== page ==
As the vodka flowed and the crowds’ inibitions diminished, the banter and foolishness followed swiftly. The Poles are renowned for their hospitality and if you are ever invited to a local’s abode, do not decline, they are superb hosts, and, will most definitely put on a welcoming spread. It’s known folklore that on Christmas Eve households set an extra place at the table just in case a wanderer comes a wandering on a brisky night, and by doing so are welcomed in with open arms to the 12 dishes of Polish cuisine. All rather scruptious bar the bottom-feeding-carp, of which was served entombed in jelly at my last Christmas dinner – as you can imagine, it went down like a pair of rotting, hairy testicles. I like carp, on occasions, just don’t ensconce it in gelatine. Great hosts none the less.

The coach pulled into the camp site around 4pm and the gents stumbled out half cut and ready for action.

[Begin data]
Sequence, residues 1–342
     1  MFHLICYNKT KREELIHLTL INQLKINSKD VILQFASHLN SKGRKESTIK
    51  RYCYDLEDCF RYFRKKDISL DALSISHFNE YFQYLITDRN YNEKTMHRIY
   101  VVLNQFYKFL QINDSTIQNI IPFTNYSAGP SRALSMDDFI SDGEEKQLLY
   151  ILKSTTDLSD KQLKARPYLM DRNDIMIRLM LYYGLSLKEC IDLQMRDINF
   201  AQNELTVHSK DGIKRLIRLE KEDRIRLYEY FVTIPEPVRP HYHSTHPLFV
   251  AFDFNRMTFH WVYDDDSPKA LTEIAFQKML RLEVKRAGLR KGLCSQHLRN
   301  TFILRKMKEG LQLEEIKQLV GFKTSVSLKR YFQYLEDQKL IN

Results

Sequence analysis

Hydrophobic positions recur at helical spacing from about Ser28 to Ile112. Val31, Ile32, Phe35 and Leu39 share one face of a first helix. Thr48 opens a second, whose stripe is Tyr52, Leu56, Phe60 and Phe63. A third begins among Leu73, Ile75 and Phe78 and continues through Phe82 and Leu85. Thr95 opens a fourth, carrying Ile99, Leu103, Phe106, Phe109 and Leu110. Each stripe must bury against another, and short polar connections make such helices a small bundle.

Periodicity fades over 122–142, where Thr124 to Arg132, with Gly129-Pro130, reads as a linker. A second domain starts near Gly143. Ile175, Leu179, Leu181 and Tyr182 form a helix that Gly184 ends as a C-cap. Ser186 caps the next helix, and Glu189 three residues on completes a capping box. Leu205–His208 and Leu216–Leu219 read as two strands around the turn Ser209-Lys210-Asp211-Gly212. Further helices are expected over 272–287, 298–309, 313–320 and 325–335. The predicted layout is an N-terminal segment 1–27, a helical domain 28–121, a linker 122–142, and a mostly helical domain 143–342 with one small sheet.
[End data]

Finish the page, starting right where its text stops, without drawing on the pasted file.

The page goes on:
The location: a field.

Accommodation: socialistic, rotting, wooden cabins.

Entertainment: vodka and 40 men.

You will find in poland that just a sparse field and a hut is enough to past the time. Give me a shelter. Give me a mountain. Give me a flazka (a bottle) and I will mount that son of a bitch. I don’t like walking, unless there’s a payoff that tops seeing the Andes, but I like that attitude.

So the stag and friends unloaded the crates of vodka which immediately began gushing into our Kalisziki (shot glasses) and we huddled around benches listening to Polish rock and kicking a ball in the mountain sun, literally, with the mountain face on our back.